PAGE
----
Voracek is a skilled, playmaking winger with great wheels and good size in the mold of his countryman and Sharks forward Martin Havlat, albeit with a nonexistent injury history. Voracek has averaged 50 points per 82 games each of the past three seasons, more than the likes of Andrew Ladd, Brandon Dubinsky and James vanRiemsdyk have totaled over that span. His even-strength scoring rate has been even more impressive, as Voracek ranked 35th among NHL forwards last season in 5v5 points per 60 minutes, 101st the year prior and 76th the season before that.
But where Voracek's value really becomes clear is when looking beneath the surface. Eric T. and Geoff Detweiler of Broad Street Hockey have done phenomenal work over this past year in tracking and analyzing zone entries for the Flyers. According to their findings, when carrying the puck through the neutral zone at even-strength in 2011-12, Voracek was able to retain possession while gaining the blueline 66% of the time, third-best on Philadelphia behind only Jaromir Jagr and Claude Giroux. This is significant because they also discovered that, on average, teams generate over twice as many shots and goals when entering the offensive zone with possession as opposed to dumping or deflecting the puck in. Voracek was also extremely efficient once he was in the offensive zone compared to his teammates, with only Brayden Schenn generating more shots per controlled entry among Flyers forwards than Voracek. For a Sharks team that's struggled with their transition game at times over the past two seasons, Voracek could be a boon. Additionally, for those who were excited about the Sharks' prospects of landing Rick Nash, there's some pretty compelling evidence Voracek was the one carrying the water for the Blue Jackets captain when the two were together in Columbus.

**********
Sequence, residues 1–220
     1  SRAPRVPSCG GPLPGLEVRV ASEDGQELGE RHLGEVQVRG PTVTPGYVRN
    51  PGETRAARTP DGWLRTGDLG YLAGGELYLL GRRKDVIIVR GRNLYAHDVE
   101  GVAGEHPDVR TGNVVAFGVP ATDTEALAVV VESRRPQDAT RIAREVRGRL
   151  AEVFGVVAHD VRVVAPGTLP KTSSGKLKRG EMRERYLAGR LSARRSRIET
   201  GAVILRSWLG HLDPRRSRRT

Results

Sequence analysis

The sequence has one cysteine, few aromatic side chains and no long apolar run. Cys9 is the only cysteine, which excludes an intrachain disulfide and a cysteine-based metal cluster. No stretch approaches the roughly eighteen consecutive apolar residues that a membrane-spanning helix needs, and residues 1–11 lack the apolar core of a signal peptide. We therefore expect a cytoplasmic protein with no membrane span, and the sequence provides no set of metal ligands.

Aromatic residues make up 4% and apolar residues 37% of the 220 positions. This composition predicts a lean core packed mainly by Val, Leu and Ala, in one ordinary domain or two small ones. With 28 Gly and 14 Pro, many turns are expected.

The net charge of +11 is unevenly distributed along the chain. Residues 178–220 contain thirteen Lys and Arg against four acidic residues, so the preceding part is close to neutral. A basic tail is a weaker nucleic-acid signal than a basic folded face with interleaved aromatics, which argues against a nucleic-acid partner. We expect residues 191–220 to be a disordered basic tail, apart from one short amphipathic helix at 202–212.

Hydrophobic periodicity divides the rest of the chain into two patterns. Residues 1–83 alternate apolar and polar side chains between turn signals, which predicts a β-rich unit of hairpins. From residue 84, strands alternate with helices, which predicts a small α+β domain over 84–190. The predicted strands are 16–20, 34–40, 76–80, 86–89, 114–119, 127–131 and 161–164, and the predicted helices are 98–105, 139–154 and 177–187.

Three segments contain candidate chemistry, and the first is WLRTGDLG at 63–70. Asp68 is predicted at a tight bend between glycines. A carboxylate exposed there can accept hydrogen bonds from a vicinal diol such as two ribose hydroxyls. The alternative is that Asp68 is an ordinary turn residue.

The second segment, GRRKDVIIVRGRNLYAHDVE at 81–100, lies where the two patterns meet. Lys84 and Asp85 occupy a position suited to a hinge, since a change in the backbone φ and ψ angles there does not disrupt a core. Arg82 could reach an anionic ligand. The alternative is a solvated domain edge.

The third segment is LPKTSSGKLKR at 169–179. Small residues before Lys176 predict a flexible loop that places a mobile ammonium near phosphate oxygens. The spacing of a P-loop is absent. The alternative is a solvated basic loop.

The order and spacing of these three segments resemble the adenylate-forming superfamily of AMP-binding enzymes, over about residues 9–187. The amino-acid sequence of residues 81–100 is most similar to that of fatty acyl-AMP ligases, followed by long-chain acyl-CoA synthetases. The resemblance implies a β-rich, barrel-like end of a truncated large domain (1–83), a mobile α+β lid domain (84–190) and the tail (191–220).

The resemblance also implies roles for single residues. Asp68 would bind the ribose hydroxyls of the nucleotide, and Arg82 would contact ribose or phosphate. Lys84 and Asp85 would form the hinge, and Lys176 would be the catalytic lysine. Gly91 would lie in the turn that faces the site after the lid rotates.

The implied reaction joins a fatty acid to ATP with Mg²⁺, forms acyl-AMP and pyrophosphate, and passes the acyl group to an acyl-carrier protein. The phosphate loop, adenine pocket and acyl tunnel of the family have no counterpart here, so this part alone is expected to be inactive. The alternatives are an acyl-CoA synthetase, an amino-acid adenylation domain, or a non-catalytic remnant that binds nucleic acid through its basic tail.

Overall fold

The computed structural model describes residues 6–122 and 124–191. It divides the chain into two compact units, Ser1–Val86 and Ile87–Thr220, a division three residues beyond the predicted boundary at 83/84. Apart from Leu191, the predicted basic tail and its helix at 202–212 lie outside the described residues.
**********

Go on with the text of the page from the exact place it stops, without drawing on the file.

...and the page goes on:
While adding a center to the Sharks' bottom six who can relieve Michal Handzus of his third-line duties would be preferable, the goal should always be to add the best players possible, regardless of position, and Voracek definitely fits the bill there. San Jose would have a slew of options for utilizing him, either by constructing an undersized yet potentially high-scoring soft-minutes line of Tommy Wingels between Voracek and T.J. Galiardi, gambling on Wingels and Voracek ensuring Handzus is less of a liability and putting those three together or icing three legitimate scoring lines of Wingels/Thornton/Pavelski, Galiard/Marleau/Havlat and Clowe/Couture/Voracek. If the Sharks can ink Voracek to a multi-year offer sheet in the $4 million cap hit range, the Flyers will likely be unable to match and San Jose won't have overpaid for Voracek's services, especially considering he's more than capable of taking over top-six duties should Ryane Clowe bolt through free agency next summer.